There is one very important group I have not mentioned yet, and that is our People. Responsible Banking or Responsible Business also means developing our human capital – the most important asset that we have – and giving them the opportunity to make their contribution to society with our support. This is a win-win for our company, for government and for society. We have long encouraged volunteering, giving our people the chance to get involved with a non-profit organization of their choice. Our Global Community Day is a chance for employees, their families and friends to come together as a global volunteer team. But increasingly the emphasis has shifted to skill-based volunteering, which utilizes either personal or professional skills to help build capacity within NGOs or non-profit organizations. This achieves two goals. One, it helps these organizations develop in a way they would otherwise find difficult or costly. Two, it helps our people develop leadership, hones their collaborative and improvisational skills and, we believe, deepens their loyalty.
One of the beneficiaries of this volunteering effort is Junior Achievement where I serve as Vice Chairman of Junior Achievement Worldwide. Junior Achievement seeks to build financial literacy and help create the next generation of business leaders and entrepreneurs. Since its launch in 1919, it has benefitted more than 105 million young people worldwide, with more than 71 million students here in the United States. It may interest you to know that the second largest program is now in Russia. They are quick learners!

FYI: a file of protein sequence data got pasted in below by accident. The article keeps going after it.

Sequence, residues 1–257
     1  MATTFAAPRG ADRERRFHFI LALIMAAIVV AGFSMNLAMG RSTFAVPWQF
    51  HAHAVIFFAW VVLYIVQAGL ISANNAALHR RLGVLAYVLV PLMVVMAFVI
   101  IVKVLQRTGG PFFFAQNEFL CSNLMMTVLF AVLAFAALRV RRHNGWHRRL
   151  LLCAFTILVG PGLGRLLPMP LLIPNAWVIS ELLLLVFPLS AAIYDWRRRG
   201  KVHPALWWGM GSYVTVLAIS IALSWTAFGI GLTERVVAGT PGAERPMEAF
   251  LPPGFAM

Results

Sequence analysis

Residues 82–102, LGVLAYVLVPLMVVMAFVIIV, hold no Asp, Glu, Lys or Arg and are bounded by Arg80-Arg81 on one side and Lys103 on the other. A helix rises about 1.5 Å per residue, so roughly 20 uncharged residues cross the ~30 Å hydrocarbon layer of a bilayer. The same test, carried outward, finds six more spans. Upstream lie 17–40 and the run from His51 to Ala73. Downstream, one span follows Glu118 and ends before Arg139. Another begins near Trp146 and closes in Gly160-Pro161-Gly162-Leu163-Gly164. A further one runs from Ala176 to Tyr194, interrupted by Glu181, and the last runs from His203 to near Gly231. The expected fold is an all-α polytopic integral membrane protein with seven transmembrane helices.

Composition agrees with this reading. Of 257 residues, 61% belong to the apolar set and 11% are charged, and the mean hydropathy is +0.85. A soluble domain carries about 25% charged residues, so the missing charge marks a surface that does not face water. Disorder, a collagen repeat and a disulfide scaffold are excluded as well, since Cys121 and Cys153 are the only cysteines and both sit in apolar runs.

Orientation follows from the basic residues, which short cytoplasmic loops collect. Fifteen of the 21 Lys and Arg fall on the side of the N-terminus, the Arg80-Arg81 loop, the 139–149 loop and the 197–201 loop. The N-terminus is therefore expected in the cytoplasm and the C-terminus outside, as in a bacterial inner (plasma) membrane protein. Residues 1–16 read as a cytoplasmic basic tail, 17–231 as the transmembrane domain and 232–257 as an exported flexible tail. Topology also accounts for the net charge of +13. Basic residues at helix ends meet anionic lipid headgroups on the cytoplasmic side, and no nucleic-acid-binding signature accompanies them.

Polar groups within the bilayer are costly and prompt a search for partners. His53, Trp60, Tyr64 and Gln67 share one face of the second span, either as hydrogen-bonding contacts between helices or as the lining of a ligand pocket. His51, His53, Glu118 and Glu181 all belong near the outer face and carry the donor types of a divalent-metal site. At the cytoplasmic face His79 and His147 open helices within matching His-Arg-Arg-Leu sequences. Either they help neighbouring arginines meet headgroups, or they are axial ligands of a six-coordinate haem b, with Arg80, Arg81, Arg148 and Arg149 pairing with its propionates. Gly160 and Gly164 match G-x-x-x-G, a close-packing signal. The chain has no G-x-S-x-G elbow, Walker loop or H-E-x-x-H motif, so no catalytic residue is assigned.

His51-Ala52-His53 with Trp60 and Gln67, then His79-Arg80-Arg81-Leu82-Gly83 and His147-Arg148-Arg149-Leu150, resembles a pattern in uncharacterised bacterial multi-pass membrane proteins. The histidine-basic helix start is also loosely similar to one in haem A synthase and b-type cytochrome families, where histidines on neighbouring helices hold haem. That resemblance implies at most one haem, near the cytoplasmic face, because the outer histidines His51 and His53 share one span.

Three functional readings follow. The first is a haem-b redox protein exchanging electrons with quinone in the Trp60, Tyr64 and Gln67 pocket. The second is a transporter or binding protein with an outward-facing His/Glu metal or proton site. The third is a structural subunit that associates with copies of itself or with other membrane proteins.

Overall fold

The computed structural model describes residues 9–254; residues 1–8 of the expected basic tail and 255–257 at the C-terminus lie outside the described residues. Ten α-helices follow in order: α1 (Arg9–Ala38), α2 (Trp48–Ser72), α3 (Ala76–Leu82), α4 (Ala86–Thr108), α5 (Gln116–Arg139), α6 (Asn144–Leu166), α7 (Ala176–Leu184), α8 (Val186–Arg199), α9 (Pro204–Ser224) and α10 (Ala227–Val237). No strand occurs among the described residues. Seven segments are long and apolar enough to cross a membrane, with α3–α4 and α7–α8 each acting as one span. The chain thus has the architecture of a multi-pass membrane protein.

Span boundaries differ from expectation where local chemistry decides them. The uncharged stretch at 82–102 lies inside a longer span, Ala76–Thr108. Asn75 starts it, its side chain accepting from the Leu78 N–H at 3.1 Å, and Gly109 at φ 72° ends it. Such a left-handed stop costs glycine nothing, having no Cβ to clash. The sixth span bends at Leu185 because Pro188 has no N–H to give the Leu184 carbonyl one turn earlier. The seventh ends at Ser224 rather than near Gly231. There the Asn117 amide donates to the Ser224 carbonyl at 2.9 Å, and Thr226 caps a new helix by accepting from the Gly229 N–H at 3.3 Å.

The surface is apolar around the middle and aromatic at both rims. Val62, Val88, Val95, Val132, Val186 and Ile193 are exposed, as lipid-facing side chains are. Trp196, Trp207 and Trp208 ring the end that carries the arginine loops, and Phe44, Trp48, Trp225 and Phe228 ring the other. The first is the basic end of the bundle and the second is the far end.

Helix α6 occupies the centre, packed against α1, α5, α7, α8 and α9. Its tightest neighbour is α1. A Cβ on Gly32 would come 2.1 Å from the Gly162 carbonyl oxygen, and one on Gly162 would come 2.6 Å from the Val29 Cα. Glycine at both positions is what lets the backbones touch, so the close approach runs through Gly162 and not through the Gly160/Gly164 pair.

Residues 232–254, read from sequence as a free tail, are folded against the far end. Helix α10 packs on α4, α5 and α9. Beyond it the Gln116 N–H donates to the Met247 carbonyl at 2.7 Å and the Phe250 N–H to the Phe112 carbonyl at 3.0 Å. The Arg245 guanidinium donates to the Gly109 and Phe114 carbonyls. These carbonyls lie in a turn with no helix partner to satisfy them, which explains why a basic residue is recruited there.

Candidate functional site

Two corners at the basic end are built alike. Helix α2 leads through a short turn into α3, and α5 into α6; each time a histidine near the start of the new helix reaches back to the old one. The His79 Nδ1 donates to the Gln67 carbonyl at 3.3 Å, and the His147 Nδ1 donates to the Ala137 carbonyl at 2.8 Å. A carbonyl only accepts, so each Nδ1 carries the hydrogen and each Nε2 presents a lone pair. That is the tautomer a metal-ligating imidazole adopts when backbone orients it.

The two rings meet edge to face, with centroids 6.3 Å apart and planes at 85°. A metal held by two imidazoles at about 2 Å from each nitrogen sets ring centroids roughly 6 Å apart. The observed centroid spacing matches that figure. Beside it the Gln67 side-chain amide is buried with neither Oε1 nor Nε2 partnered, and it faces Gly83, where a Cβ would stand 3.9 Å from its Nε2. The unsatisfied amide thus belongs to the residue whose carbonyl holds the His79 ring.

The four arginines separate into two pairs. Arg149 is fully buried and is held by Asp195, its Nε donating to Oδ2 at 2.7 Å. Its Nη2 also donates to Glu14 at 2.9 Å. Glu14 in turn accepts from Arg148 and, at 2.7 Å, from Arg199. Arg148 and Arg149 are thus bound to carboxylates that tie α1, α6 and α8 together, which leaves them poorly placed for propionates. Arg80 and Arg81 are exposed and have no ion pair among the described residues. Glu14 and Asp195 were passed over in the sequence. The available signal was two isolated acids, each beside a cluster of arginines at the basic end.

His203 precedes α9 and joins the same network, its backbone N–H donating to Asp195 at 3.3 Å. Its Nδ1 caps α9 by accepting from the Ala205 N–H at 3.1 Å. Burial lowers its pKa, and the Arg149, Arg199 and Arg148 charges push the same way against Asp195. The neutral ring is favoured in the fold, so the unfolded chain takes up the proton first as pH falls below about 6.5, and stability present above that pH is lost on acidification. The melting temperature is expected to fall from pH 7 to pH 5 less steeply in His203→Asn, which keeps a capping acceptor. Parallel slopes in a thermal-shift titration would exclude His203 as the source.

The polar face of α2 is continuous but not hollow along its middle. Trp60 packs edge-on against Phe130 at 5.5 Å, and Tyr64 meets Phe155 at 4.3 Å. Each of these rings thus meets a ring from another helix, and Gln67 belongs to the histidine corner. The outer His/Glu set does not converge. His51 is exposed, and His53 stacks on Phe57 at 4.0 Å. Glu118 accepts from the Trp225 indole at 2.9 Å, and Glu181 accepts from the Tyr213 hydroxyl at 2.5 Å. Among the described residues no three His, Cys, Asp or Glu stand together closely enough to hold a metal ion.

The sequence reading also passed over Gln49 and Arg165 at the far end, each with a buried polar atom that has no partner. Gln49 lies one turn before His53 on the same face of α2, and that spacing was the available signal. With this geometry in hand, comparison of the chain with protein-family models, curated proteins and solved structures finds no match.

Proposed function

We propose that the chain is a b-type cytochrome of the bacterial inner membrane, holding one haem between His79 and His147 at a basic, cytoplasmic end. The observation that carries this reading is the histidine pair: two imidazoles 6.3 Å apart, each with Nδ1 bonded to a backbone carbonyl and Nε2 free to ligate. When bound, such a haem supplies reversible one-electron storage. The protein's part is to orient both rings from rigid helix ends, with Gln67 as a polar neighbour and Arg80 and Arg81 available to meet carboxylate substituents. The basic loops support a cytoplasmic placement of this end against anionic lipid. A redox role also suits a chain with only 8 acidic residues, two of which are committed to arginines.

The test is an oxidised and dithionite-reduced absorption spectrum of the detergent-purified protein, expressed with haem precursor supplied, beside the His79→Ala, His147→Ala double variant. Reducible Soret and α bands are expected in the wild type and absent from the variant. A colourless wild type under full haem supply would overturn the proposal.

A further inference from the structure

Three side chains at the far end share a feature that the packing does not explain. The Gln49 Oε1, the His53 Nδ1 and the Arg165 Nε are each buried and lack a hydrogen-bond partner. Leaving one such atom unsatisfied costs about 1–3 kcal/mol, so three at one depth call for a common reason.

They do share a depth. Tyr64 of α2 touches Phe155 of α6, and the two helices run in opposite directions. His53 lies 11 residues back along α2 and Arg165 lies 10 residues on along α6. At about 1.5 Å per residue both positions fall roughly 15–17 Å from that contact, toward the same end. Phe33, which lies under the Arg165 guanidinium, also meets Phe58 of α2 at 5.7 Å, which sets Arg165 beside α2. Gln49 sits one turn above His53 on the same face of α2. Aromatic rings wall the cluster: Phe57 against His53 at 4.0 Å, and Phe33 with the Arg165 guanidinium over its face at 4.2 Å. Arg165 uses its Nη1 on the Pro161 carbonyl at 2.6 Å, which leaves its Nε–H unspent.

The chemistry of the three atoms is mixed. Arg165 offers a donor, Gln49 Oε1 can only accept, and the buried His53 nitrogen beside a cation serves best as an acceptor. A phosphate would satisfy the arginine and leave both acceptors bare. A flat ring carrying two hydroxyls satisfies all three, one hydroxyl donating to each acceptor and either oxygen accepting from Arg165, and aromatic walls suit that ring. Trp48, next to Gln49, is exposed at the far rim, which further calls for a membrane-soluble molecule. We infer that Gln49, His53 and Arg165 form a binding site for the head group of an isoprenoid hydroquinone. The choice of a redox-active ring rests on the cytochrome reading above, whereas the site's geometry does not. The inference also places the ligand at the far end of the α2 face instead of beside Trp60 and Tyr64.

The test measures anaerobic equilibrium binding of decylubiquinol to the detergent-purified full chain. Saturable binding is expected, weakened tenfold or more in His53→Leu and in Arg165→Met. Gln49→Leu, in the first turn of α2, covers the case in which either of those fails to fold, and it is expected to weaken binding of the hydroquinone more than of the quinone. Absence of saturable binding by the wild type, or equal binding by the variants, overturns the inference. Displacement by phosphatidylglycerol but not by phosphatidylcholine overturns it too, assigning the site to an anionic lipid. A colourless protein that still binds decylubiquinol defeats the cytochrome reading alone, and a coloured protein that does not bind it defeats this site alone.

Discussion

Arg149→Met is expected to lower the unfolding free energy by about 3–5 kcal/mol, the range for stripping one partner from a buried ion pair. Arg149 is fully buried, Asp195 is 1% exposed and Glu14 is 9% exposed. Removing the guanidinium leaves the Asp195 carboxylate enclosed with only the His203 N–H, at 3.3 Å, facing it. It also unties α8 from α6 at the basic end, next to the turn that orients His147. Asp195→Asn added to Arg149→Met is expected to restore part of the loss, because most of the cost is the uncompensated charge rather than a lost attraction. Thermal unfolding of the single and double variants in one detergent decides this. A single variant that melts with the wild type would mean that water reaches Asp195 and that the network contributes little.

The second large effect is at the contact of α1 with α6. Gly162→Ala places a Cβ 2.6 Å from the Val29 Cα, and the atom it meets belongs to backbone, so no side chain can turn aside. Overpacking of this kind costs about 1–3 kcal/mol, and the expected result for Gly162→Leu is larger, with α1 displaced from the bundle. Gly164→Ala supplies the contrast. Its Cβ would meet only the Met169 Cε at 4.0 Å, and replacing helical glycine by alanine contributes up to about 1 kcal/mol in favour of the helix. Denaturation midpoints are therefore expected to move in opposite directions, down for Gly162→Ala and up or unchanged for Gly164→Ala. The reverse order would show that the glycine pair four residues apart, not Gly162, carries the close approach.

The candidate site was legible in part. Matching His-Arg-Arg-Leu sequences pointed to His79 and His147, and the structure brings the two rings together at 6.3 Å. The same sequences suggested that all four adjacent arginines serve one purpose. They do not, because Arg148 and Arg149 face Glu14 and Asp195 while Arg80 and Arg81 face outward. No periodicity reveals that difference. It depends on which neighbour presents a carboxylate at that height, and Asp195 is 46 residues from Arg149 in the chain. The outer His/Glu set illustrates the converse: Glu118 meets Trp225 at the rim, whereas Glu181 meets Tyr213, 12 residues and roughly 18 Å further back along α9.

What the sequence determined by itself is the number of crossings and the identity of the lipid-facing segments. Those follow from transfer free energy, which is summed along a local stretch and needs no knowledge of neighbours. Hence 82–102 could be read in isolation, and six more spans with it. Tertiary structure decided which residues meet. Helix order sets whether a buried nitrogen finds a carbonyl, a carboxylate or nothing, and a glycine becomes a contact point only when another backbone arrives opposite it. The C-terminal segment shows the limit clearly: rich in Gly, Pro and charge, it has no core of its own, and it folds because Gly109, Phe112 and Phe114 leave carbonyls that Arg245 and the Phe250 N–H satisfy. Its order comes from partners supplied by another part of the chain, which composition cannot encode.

Last year, more than 1,400 Citi volunteers gave up time to engage in Junior Achievement activities. Citi officers hold 73 seats on Junior Achievement boards – either at a local, regional or global level. I am delighted to say that Alan Meltzer, in whose name I stand here today, is also involved on one of the Junior Achievement boards. The Citi Foundation is Junior Achievement's largest corporate donor. It is money well spent. Around 30 percent of students involved in Junior Achievement programs go on to run their own businesses.